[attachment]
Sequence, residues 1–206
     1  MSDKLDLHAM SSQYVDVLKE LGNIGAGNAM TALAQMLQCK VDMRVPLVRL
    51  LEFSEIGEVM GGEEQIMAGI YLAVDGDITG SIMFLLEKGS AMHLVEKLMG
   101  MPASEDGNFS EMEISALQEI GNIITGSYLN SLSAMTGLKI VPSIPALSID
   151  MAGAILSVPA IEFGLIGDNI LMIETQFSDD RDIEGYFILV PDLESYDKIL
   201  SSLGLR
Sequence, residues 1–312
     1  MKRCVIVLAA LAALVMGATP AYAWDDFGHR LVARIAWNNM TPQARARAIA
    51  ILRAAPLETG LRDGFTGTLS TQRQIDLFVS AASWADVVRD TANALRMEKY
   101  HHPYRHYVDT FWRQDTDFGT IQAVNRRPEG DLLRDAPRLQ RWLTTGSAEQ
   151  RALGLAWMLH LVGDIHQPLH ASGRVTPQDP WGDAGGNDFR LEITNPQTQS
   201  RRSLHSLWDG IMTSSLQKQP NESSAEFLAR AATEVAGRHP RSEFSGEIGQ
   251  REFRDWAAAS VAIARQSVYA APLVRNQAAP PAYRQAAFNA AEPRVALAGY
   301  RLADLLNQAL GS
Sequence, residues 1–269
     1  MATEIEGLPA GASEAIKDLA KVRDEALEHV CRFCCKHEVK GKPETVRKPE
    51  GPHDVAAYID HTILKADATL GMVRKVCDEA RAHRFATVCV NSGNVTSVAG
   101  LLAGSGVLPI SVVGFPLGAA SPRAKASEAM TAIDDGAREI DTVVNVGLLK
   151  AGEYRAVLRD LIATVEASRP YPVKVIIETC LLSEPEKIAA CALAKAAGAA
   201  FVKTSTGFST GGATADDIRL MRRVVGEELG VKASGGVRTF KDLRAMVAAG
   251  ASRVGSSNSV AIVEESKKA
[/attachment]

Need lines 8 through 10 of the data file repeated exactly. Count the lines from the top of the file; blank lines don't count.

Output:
     1  MKRCVIVLAA LAALVMGATP AYAWDDFGHR LVARIAWNNM TPQARARAIA
    51  ILRAAPLETG LRDGFTGTLS TQRQIDLFVS AASWADVVRD TANALRMEKY
   101  HHPYRHYVDT FWRQDTDFGT IQAVNRRPEG DLLRDAPRLQ RWLTTGSAEQ